AFC North: Pittsburgh Steelers (11-5) – Deciding between the Ravens and the Steelers is a perpetual toss-up. In the end, I chose Pittsburgh due to Baltimore’s loss of Terrell Suggs (and, consequentially, their pass rush) for a large part of the season. The Steelers are going to expectedly field a ferocious defense that strikes fear into opposing quarterbacks. However, they have a weakness at their number two cornerback position; so, if a quarterback is given enough time (which is a rare occurrence), they may be able to expose it. On offense, the Steelers are traditionally plagued with a very dubious offensive line. Fortunately, they were able to make some key acquisitions this offseason, most notably drafting David DeCastro, to help improve in that aspect. Furthermore, Ben Roethlisberger’s ability to avoid defenders somewhat masks the offensive line’s deficiencies. While the team did lose their starting running back, Rashard Mendenhall, to injury, it will not affect them greatly due to their focus on being a passing team.
AFC South: Houston Texans (12-4) – Houston is an obvious choice for this division. They’re an extremely balanced team on both sides of the ball. They have one of the best running backs in the game being aided by the renowned zone blocking scheme, a very good quarterback in Matt Schaub, and one of the best wide receivers in the league in Andre Johnson. However, Johnson has been injured quite frequently as of late. If the Texans want to be an elite team, it is imperative that Johnson stays on the field. Continuing on with their trend of being balanced, their defense ranked third in pass defense and fourth in run defense. Despite the overall well-roundedness of this team, I am concerned for their lack of depth at key positions such as wide receiver and cornerback. Behind their number one receiver, Andre Johnson, and their number one corner, Jonathan Joseph, there is a conglomeration of players who have not proven to be reliable. Because of the lack of depth, injuries to either one of the aforementioned players could severely derail the Texans’ Superbowl aspirations.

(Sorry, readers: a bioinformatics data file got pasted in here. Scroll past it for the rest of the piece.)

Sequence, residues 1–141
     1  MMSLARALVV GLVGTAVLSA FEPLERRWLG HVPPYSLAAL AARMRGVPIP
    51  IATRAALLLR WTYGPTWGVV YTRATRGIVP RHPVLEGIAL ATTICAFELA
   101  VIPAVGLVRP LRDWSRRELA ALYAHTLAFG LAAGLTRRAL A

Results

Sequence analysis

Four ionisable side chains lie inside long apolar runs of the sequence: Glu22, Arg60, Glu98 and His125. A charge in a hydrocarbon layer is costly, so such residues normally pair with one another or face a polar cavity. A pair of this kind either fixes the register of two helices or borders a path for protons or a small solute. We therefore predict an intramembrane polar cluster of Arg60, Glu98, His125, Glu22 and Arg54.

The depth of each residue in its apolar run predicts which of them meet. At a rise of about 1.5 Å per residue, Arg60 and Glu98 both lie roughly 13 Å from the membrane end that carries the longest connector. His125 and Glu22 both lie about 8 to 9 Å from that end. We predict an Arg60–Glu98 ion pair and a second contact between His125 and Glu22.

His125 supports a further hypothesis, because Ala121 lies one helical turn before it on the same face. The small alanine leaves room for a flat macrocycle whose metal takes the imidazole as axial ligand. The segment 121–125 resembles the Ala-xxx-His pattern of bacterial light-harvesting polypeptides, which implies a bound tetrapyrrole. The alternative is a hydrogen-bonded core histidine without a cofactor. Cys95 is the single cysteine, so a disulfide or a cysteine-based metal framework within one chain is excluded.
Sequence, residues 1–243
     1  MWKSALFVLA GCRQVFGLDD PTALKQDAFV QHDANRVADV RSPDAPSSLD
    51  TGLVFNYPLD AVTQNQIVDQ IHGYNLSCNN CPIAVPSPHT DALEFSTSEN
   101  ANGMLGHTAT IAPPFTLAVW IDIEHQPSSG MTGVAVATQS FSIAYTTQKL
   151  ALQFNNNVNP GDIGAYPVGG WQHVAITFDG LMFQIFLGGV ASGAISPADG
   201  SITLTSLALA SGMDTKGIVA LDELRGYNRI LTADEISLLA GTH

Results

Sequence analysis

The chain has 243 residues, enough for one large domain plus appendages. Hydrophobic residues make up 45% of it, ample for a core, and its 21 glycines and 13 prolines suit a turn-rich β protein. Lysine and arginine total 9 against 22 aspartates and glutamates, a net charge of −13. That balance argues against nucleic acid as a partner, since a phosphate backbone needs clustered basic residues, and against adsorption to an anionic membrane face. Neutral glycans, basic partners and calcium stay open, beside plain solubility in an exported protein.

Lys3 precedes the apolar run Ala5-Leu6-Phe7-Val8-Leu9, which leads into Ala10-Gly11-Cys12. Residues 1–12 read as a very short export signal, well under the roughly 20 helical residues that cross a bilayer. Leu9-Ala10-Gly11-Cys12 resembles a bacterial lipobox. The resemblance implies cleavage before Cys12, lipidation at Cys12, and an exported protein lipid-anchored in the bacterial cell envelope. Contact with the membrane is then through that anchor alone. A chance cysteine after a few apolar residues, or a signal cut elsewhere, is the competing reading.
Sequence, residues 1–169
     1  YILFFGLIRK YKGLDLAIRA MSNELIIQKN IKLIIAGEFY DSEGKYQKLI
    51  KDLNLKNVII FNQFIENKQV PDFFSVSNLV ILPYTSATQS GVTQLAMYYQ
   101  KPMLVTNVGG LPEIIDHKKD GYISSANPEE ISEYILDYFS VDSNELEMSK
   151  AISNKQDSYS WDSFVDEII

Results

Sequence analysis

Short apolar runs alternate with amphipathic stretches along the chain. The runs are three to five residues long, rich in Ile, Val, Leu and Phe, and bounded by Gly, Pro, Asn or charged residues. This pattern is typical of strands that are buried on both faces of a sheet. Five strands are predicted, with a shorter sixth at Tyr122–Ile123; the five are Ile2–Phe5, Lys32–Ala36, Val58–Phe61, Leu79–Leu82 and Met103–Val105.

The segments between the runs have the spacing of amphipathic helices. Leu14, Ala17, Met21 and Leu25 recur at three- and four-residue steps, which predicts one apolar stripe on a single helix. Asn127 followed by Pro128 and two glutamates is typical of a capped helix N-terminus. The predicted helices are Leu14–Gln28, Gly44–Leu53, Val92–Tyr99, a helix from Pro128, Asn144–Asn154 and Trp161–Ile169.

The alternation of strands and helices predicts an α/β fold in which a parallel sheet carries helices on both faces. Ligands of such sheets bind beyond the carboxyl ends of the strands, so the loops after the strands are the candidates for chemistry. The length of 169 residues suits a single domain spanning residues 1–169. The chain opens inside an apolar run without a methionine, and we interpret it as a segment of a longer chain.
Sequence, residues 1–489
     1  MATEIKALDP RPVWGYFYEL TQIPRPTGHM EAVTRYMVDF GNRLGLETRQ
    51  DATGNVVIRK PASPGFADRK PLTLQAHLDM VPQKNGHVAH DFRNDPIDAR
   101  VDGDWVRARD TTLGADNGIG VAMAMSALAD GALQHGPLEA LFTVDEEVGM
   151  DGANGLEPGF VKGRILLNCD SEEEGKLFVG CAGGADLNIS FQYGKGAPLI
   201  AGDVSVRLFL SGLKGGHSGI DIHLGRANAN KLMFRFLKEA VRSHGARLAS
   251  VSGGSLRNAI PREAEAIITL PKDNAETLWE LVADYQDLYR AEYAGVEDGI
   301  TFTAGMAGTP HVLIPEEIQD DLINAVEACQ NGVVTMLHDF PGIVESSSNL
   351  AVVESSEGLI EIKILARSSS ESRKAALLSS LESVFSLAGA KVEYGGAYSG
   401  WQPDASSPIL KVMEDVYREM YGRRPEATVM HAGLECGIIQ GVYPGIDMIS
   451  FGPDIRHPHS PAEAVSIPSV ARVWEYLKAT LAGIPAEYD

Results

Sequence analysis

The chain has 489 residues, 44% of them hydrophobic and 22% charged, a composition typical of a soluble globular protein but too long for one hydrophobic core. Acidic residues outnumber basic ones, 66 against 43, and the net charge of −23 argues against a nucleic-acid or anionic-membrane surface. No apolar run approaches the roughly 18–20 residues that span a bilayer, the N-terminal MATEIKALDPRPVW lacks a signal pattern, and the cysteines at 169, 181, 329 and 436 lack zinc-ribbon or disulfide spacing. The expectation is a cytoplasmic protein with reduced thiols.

AFC West: Denver Broncos (10-6) – With the acquisition of Peyton Manning, the Denver Tebows are no more. Couple a legendary quarterback with a consistent, reliable running game, and you can expect the offense to be effectively multifaceted. Furthermore, Denver’s defense, while average on a regular basis, is a unit that seems to make opportune plays to help win the game – certainly better than what Manning relied on in some past years. All in all, if Manning’s injury doesn’t affect his play, Denver will be a solid team in all areas. However, my issue is that they will not be exceptional in anything and rather turn out to be a jack of all trades, master of none.
AFC East: New England Patriots (14-2) – Last season, New England’s offense was a threat to score each time they had the ball. The reason for this is similar to that of the Packers: an incredible passing attack led by one of the best quarterbacks in the league. In fact, the two teams are similar in more ways than just one. Like the Packers, the Patriots also have an inconsistent defense that should play much better than what has actually occurred. Also, both teams are rather one-dimensional on offense, yet they find a way to dominate through excessively mastering the passing game. The reason that I’ve projected the Patriots to finish with a better record than the Packers is due to New England having a much easier schedule.
*Disclaimer, featured image from: http://blog.thenewstribune.com/seahawks/files/2012/08/Manningthrowing.jpg